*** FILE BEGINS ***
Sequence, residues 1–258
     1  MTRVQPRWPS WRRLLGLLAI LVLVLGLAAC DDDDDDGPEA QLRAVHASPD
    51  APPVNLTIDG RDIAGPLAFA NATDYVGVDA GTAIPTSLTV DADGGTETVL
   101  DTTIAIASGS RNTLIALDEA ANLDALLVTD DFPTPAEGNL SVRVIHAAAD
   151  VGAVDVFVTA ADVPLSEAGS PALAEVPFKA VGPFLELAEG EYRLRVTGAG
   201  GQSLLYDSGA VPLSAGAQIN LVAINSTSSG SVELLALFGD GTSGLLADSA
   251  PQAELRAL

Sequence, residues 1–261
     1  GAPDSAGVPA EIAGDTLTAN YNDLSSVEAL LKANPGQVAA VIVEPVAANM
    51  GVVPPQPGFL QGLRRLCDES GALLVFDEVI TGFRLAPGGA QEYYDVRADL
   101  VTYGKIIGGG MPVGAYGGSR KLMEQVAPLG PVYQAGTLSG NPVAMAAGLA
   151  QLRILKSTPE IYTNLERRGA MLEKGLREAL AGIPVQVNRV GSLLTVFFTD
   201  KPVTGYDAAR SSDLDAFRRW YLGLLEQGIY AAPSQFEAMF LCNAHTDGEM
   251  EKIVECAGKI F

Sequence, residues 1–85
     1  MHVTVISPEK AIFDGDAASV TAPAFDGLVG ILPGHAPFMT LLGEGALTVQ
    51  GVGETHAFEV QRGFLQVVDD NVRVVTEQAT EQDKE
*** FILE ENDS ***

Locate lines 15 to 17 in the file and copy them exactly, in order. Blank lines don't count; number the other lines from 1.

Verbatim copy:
Sequence, residues 1–85
     1  MHVTVISPEK AIFDGDAASV TAPAFDGLVG ILPGHAPFMT LLGEGALTVQ
    51  GVGETHAFEV QRGFLQVVDD NVRVVTEQAT EQDKE